“The camera has been my passport into worlds that I never would have visited otherwise”
— Paul Margolis
Paul Margolis: Artist’s Biography
Paul Margolis first picked up a camera at the age of 9. He is a documentary and fine art photographer, as well as a writer, whose subjects include people living on the margins of society, vanishing Americana, historic architecture, and the vibrancy of life on New York City’s streets. A unique quality of Paul’s work is his ability to capture, preserve and convey the sense of older times. He uses both digital and traditional cameras in his work, and he still hand-processes and prints black and white film for the classic look that it gives.
His projects have included documenting the small Jewish communities of Cuba and Ireland, as well as Jewish poverty in New York City. In the wake of September 11, 2001, he recorded the effects of the destruction of the World Trade Center on New York. More recently, Paul did the photography for a historical guidebook to the Lower East Side of Manhattan that was published by Columbia University Press in 2009. His work is found in museums, historical archives and private collections.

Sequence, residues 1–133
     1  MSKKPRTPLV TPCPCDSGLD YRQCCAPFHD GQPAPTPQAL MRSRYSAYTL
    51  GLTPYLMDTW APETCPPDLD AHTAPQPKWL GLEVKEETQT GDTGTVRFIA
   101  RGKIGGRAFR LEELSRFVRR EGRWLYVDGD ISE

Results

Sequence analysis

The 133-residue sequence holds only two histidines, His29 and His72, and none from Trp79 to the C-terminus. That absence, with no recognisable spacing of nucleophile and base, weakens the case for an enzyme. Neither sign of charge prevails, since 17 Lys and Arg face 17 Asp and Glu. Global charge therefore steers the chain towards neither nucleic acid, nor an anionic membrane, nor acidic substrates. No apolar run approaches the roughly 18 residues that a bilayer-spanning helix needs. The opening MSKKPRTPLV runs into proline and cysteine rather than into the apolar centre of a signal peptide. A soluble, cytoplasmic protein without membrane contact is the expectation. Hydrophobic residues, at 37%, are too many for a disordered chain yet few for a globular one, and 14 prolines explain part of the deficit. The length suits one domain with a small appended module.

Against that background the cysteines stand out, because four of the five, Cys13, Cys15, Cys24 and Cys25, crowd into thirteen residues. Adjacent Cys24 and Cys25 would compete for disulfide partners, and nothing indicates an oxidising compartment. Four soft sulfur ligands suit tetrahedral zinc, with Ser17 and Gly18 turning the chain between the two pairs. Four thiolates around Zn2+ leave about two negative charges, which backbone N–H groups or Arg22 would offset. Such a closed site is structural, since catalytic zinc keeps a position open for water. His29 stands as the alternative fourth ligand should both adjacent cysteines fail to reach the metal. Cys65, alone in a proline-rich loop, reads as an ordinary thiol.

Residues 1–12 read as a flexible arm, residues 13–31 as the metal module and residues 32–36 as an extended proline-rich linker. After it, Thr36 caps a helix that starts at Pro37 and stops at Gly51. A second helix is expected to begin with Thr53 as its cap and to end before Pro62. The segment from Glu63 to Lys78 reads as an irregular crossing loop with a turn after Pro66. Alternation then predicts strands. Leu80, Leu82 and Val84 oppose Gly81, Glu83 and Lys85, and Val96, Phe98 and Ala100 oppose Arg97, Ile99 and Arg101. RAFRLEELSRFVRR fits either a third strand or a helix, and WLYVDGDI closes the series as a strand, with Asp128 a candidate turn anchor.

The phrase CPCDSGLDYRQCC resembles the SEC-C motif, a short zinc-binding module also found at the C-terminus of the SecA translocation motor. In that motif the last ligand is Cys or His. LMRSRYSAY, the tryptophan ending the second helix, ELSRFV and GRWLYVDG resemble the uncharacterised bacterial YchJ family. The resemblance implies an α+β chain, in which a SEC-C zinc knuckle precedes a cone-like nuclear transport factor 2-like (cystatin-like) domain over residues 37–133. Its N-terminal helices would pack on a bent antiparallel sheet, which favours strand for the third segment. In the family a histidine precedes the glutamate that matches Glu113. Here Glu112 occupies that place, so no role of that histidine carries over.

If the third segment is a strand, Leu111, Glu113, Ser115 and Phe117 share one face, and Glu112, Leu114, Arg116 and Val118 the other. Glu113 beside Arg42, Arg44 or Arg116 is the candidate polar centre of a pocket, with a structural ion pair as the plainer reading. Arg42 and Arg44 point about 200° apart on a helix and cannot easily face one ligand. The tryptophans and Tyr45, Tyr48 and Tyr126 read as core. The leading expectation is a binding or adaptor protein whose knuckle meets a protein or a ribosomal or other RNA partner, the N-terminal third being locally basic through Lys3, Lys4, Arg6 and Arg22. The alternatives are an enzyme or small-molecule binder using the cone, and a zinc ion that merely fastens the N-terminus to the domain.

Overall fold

For the past several years, Paul has been traveling to Israel to photograph daily life there. Working in the streets, marketplaces and homes with his quiet, discreet Leica camera and black and white film, he photographs in a fluid, fast-moving reportorial style.
While documentary and fine art photography have always been Paul’s first loves, his background includes working as a photojournalist, teacher and writer. Largely self-taught as a photographer, he also has an M.A. degree in Education from Fairleigh Dickinson University, and a B.A. in History from Bard College. Paul lives in Manhattan and works for the City of New York as a photographer and researcher.